I read with interest Adam Wenger’s piece on outrageous textbook prices (“A Bookstore Swindle?” Daily Nexus, Jan. 13, 2009). Expensive textbooks have received considerable attention recently, with many groups pursuing alternative, more affordable models.
For representative efforts, including
those on electronic texts, see the New York Times editorial of April 25,
We really have two problems here: long-term strategies to bring about reasonable textbook prices nationally, and short-term efforts to deal with prices charged by our campus bookstore. It is the second, more immediate problem that I address here.
For the past few years, I have tracked the UCSB Bookstore prices on textbooks for my own courses. I observed that the new-book price at the Bookstore has been the same as the publisher’s list price. Few other bookstores, online or otherwise, charge the full list price. College bookstores, which get more favorable prices from the publishers, often charge much less.
Based on the data collected, I have begun encouraging my students to buy their books online, where they can typically get a 10 to 30 percent discount on new books and up to 80 percent on used books. The UCSB Bookstore typically charges only 25 percent less for used books, even though it gets these books at bargain prices from students and other sources.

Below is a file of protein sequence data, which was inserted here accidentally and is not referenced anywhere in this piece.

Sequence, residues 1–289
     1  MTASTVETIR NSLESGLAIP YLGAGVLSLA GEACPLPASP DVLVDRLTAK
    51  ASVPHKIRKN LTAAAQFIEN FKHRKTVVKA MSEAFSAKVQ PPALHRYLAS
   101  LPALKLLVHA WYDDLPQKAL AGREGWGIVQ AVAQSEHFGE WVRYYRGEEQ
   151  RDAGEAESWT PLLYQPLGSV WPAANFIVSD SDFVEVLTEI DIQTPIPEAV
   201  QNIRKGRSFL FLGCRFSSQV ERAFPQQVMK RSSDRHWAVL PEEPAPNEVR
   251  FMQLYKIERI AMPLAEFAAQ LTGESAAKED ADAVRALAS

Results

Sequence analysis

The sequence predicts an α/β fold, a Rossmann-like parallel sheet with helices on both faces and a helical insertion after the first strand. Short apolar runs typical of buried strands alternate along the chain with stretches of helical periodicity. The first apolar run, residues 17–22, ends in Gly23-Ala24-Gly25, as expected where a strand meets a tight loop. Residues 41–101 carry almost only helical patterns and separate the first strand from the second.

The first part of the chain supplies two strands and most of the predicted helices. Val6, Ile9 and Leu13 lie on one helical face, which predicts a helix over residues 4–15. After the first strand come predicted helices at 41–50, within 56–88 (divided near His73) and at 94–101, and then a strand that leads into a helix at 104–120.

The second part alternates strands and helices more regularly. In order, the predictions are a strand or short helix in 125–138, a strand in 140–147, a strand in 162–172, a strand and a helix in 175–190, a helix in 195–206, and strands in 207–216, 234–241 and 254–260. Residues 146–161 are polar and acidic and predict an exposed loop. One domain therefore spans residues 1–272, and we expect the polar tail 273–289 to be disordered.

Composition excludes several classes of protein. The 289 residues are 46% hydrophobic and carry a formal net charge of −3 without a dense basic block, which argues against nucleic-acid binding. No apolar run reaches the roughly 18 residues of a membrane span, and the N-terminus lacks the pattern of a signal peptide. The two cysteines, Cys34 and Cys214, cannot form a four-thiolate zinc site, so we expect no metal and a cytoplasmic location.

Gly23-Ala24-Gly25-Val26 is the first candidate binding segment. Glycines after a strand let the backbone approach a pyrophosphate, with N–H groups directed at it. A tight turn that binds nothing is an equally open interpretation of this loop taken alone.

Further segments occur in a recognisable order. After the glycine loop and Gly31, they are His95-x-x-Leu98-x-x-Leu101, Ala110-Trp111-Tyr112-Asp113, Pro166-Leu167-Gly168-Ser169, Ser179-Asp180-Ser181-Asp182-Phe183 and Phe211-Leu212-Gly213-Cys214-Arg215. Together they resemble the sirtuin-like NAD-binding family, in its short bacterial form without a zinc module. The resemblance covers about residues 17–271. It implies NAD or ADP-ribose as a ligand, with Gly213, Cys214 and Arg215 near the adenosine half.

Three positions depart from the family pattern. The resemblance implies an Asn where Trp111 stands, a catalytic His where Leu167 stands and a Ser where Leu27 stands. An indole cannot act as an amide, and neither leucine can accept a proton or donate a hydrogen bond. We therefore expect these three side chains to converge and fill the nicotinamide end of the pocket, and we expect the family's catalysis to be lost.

I understand that the campus bookstore is a self-sustaining enterprise and must therefore make a profit. My suggestion is that a reasonable profit margin be built into the prices of T-shirts, jackets and other nonessential items and that textbooks be sold at cost.
If the UCSB Bookstore does not revise its textbook pricing policies, I propose that all instructors spend some time to locate online sources for their textbooks and include in their course Web sites addresses of bookstores that carry the correct textbook/edition as a service to students.